Grand Marshal Prudhomme called all the cars to the start line, stating that “Never in all my years have I seen so much money spent on race cars.” It was time to get in one test run on the track, set the rules and start the racing. Each driver tested the track conditions once and brought their cars back to the top of the hill. The Oratz and Sansone families arrived without cars, wisely choosing to scout the competition before their entry into the Third Annual Event, scheduled to be held in December 2014, in conjunction with the ROC ski trip atop the mountain in Mammoth.

The two non-driving Malters (AKA “The Wise and Safe Ones”), Nina and Jake set up at the bottom of the hill to time the racers who were set to race two at a time. Prudhomme assisted as the first two racers, Owen and Douglass, inched to the starting line. Both had donned their safety helmets, but Douglass, concerned the extra padding may interfere with his visibility, removed the pad that rested between his face and the front of the cockpit.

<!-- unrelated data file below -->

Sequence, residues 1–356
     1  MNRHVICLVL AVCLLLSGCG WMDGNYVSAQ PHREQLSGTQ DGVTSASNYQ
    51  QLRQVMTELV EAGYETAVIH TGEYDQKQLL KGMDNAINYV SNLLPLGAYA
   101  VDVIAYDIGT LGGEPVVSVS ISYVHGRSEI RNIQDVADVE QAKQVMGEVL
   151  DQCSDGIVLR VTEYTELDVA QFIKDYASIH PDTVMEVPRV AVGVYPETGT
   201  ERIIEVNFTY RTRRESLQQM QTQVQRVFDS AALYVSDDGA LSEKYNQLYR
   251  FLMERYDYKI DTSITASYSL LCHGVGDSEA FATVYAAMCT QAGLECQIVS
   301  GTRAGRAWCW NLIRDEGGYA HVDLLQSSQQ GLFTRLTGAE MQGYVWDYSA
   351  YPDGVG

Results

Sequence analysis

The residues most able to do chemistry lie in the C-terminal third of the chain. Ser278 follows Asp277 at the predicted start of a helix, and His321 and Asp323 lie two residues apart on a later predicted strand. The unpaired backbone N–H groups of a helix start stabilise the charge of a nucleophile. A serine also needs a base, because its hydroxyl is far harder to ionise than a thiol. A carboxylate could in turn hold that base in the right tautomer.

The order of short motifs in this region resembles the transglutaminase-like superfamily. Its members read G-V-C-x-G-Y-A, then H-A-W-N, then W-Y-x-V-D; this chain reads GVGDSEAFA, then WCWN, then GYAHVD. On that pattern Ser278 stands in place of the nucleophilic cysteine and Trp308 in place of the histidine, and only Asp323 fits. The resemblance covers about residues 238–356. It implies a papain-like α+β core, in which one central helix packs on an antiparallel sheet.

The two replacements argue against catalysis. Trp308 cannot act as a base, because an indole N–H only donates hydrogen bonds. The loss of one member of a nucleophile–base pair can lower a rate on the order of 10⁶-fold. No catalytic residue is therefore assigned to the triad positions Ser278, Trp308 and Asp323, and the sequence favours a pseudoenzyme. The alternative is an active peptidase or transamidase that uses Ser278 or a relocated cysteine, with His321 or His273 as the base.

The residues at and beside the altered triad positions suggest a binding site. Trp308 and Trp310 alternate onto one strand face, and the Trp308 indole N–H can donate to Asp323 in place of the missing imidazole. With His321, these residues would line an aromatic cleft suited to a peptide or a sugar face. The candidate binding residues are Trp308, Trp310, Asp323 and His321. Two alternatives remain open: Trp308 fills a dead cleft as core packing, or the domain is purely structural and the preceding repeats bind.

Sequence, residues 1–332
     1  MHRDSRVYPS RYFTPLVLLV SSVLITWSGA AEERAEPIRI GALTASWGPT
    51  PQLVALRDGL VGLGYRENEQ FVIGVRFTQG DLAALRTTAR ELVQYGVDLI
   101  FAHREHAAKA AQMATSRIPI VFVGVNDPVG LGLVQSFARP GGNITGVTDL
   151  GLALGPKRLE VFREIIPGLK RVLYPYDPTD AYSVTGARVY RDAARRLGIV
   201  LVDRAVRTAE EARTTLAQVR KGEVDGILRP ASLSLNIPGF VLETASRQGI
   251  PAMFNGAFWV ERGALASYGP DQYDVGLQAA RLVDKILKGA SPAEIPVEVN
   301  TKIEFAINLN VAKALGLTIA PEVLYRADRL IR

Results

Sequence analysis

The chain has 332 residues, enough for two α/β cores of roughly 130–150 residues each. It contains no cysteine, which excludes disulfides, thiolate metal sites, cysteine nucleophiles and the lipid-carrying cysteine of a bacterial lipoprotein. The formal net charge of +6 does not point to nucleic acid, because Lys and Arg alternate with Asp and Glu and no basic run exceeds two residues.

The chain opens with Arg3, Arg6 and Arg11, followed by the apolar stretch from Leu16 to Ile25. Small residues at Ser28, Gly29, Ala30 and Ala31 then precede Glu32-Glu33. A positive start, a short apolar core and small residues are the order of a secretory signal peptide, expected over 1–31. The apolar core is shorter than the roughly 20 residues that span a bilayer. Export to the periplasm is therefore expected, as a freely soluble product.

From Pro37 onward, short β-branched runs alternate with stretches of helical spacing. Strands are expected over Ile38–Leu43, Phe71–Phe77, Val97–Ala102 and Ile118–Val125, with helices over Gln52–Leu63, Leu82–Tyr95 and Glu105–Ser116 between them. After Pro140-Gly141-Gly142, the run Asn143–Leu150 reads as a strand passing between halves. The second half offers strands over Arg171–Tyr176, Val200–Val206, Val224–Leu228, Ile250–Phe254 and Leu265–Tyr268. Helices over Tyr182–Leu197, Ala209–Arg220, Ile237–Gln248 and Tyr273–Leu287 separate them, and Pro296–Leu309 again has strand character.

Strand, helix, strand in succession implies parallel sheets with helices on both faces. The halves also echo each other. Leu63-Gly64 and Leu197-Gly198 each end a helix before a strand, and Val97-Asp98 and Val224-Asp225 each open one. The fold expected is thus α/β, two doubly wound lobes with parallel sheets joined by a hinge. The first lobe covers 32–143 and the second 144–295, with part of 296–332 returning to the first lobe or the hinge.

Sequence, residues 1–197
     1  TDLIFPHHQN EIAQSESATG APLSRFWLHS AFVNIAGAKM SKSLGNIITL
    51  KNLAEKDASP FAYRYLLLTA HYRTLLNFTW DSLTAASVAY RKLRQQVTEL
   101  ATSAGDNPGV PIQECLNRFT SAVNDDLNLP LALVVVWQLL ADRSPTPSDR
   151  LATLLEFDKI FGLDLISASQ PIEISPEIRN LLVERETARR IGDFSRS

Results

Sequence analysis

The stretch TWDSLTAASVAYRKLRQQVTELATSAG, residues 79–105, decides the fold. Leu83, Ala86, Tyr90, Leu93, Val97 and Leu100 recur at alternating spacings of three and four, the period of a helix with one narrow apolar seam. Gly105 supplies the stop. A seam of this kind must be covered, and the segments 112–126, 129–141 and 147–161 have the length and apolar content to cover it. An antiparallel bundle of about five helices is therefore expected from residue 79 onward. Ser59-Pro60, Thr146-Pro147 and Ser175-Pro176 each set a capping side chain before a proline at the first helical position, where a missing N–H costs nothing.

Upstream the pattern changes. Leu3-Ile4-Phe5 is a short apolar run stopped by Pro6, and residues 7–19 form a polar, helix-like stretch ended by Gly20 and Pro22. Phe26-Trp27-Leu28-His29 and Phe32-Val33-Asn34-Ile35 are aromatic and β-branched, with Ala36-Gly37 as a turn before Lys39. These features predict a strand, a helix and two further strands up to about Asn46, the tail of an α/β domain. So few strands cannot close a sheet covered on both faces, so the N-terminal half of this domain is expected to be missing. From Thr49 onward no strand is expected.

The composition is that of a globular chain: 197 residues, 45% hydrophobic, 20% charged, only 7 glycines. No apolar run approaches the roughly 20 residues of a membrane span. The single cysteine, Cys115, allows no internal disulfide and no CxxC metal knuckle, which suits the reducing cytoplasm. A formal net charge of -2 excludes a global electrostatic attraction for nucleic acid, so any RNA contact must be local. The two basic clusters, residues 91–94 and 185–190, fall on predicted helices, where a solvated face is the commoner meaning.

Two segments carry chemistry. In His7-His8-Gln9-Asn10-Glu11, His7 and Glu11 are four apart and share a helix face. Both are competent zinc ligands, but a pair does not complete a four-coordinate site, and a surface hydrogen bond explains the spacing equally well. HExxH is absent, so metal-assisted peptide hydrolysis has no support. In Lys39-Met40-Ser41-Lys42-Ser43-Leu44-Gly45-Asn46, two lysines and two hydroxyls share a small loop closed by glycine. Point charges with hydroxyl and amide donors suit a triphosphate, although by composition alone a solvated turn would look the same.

The two had a perfect start and Douglass had a slight lead until something went wrong with the finely tuned steering. In a split second, the race was over for Whitworth as he careened into the shrubs planted between the road and ravine by landscapers with the forethought that someday there may be some crazy neighbors with poor steering soap box derby cars. As Owen rode easily home for victory, all attention turned to Douglass. With flashbacks to his horrific crash in the Molson Grandnationals, Grand Marshal Prudhomme and other medical staff arrived quickly on scene to find an alert, but startled driver adding his own red color to the cars new paint job. The boy and the car were quickly shuttled up the hill and quickly patched.